Breaking all the rules, and his oath of secrecy, he copies an enormous amount of top secret information onto an SD card, and flees to Hong Kong, where he contacts a film-maker, a TV journalist, and The Guardian newspaper. The secrets are eventually revealed, as we all remember, and every country in the world carries the story in great detail. Snowden tries to escape to political asylum in Ecuador, but when his passport is revoked by John Kerry, he is stranded in Moscow, where he still resides to this day. It was hoped that the arrival of Barack Obama as president would overturn much of the shady dealings of the intelligence agencies. But when he decided to let them continue ‘In the interests of security’, all of Snowden’s efforts came to nothing.

The film has an excellent cast. Joseph Gordon-Levitt is superb as Snowden, and totally believable. Welsh actor Rhys Ifans impresses as one of the top CIA trainers, and Nicholas Cage plays against type as a world-weary code-breaker. Filmed mostly in Europe and Hong Kong, for obvious reasons, locations feel convincing, and despite a long running time, it had my attention from start to finish. This is an important film about a serious subject, and something we should all try to inform ourselves about.

And you won’t leave your laptop open after watching this, I assure you.

Just been watching…(94)

Anthropoid (2016)

In 1942, the Nazi SS ruler of Czechoslovakia, Reynard Heydrich, was killed in Prague, after an assassination by Czech soldiers who had been trained in Britain, and dropped back into the country by parachute. The outcome is a matter of historical record, so no spoilers apply here.

This is not the first film made about that event, (there have already been seven made) and I doubt it will be the last.

Heydrich had been in charge of the occupied country for some time, and his ruthless actions had earned him the name ‘The Butcher of Prague’. He had all but wiped out any resistance to German occupation by 1941, and the government in Britain was concerned that this potential ally would be removed from the equation. They came up with the plan to have him assassinated, hoping that the event, and the expected reprisals that followed, would turn the Czechs against Germany once and for all. They named the plan ‘Operation Anthropoid’, and dropped teams of soldiers close to Prague, with orders to contact the Resistance, and work out a plan to kill Heydrich.

This film is not only written and produced by Sean Ellis, but also filmed and directed by him too. So his mark is over the complete film, in every way. Added to that, the locations are completely authentic, not only shot in Prague, but also in the actual streets and corners where every incident actually took place. This gives the film an undeniably convincing feel, with period details complementing this too. That extends to the cast members, costume, and all the vehicles and street furniture.

The story plays out in real time on screen, with no need for flashbacks. (Or flash-forwards) Starting from the time the men parachute out of the plane, we follow them through tense encounters with collaborators, and fraught meetings with reluctant members of the Czech Resistance. They are aided and sheltered by sympathisers, two of whom provide some love interest for the leading male stars. Everyone looks and feels right, from the main protagonists, to the numerous German soldiers encountered throughout the film. The build up to the assassination is covered in satisfying detail, and the day of the event is incredibly tense, and handled with total realism.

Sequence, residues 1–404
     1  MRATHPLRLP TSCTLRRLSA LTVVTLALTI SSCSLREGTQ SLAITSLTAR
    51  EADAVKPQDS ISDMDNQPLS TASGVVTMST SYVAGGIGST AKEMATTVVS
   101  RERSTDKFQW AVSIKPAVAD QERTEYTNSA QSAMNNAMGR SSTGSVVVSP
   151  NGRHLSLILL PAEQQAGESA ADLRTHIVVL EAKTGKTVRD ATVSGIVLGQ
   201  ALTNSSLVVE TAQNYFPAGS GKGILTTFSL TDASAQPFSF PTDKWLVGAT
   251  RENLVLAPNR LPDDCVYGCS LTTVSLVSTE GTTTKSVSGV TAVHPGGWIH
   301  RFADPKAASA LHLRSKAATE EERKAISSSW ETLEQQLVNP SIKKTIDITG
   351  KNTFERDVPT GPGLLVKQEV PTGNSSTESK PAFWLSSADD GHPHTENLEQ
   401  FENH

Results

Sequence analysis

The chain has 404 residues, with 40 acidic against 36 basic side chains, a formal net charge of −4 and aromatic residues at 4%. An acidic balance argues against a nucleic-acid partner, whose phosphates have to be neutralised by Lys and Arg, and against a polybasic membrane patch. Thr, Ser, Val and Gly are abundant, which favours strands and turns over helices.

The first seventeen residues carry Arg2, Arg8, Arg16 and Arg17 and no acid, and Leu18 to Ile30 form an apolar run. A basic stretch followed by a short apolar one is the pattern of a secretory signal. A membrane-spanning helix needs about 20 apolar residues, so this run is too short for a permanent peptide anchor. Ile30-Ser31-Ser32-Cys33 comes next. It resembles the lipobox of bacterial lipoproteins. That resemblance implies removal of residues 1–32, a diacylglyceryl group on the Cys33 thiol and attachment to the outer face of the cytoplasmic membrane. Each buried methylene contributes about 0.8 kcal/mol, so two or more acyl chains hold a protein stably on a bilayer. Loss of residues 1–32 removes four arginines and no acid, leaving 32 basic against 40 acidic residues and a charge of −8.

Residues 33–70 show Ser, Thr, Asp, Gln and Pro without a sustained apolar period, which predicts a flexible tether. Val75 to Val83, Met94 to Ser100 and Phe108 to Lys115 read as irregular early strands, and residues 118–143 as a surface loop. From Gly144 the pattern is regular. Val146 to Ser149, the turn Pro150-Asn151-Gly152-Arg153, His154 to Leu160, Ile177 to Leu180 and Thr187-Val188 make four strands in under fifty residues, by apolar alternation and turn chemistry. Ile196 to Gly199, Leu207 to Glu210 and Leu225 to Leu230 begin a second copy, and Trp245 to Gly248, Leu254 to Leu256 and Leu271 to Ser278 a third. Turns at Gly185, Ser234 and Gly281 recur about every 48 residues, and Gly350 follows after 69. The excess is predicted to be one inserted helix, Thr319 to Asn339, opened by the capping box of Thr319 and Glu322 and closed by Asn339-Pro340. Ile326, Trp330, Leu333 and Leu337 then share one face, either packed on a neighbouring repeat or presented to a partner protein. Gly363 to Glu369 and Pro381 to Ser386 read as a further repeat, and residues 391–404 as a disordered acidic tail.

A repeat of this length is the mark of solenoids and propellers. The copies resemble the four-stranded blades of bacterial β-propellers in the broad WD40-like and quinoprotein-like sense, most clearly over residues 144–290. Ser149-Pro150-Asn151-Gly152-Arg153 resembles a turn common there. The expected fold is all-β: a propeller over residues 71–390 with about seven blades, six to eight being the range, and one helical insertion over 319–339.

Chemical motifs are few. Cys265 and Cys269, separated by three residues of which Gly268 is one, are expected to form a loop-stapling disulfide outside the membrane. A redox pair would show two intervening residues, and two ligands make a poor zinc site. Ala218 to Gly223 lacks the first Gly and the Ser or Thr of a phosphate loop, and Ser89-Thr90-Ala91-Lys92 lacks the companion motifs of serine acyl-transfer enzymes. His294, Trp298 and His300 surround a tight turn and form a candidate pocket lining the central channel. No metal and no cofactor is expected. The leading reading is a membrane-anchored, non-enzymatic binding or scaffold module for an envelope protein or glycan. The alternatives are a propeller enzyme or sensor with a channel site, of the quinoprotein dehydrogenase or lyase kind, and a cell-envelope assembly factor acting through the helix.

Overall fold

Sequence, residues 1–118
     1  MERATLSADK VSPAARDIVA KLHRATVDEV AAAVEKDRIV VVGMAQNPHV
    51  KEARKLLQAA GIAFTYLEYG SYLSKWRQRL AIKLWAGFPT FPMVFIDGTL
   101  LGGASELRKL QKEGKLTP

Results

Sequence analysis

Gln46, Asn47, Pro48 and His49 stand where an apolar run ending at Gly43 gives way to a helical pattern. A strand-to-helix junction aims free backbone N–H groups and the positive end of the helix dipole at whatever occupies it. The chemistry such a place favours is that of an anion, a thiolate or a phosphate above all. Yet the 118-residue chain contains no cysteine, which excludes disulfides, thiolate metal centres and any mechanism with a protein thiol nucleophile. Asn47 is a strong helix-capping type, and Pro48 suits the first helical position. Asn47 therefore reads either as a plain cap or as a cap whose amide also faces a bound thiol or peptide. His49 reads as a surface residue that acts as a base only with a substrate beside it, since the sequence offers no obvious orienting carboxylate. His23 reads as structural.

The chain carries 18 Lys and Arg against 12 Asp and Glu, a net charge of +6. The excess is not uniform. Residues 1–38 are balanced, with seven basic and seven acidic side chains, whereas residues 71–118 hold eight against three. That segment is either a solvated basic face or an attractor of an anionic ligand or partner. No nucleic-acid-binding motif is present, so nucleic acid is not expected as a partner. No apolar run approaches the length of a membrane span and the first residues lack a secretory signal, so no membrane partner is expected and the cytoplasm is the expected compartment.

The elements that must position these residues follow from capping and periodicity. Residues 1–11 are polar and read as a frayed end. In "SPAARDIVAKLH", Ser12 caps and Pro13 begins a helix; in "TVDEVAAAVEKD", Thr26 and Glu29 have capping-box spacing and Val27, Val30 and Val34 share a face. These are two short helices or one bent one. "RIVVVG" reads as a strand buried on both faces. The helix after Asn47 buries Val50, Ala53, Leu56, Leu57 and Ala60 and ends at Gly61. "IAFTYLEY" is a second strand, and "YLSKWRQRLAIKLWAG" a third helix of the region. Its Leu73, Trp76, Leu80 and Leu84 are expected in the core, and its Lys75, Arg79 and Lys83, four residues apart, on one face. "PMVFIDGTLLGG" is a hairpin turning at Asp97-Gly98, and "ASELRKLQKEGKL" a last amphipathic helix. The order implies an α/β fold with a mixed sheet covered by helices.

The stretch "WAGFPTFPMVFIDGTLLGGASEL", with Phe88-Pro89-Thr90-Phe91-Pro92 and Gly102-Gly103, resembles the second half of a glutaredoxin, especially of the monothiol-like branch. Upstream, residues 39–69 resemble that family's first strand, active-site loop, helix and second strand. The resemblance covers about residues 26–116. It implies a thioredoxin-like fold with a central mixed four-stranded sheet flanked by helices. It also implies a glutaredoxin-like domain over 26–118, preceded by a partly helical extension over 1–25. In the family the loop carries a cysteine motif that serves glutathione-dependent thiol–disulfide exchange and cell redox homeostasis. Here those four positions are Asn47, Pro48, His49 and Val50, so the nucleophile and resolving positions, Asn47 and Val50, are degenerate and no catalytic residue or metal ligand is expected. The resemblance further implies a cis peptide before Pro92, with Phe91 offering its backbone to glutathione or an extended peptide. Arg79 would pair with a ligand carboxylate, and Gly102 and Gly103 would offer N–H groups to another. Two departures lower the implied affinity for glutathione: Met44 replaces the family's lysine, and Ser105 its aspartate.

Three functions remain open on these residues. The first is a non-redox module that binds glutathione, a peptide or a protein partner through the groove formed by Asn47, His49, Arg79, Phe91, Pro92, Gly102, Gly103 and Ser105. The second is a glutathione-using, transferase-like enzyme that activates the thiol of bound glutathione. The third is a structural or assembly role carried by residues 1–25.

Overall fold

Cast members include the ever reliable Cillian Murphy, and the solid Jamie Dornan. Toby Jones is as good as ever, as a weary resistance leader, and many of the other roles are wisely cast to be played by Czech actors. The German soldiers and Gestapo officers are suitably ruthless and brutal, and even crowd scenes and those in bars and cafes are well done, without the need to ‘over-stuff’ the screen. My one gripe might be that the Irish and British actors playing Czechs adopt a strange accent, but that was presumably necessary to fit in with the actors who had real ones. The Germans speak German, and where necessary, use a translator. That was a nice touch.

The film builds to the well-known climax as the team of agents are trapped inside a large church. And although I already knew what happened, it managed to keep the tension wound until those final moments. A good-looking, WW2-set film, that is much better than most of the other seven versions.

Just been watching…(91)

Don’t Breathe (2016)

***No spoilers***

This modern American crime thriller relies on some very old ideas for its story. But it brings them bang up to date, supplying some decent twists on the way.

Three young people are living unenviable lives, in the seedier side of Detroit. They dream of getting away from the grimy city, and making new lives in California. To fund the trip, they commit high-end burglaries, selling the things they steal to a local fence. They have a good edge over other burglars, as the father of one of the trio is a security company employee, with access to alarm codes and spare keys for the many properties managed by his organisation. So Alex takes the keys and codes, returning them to the office of his unsuspecting father after the robberies.

One day, the fence gives some information to Money, the tough member of the gang. He tells him about a war veteran, living in a house in a deserted district. It seems that he received a huge financial payout when his daughter was killed in a car accident, and has since lived a reclusive life. The three get together, and decide that this might just be the big job they need, to raise enough money to get to the west coast. Alex is reluctant at first, but he is in love with the female gang member, Rocky, so wants to impress her.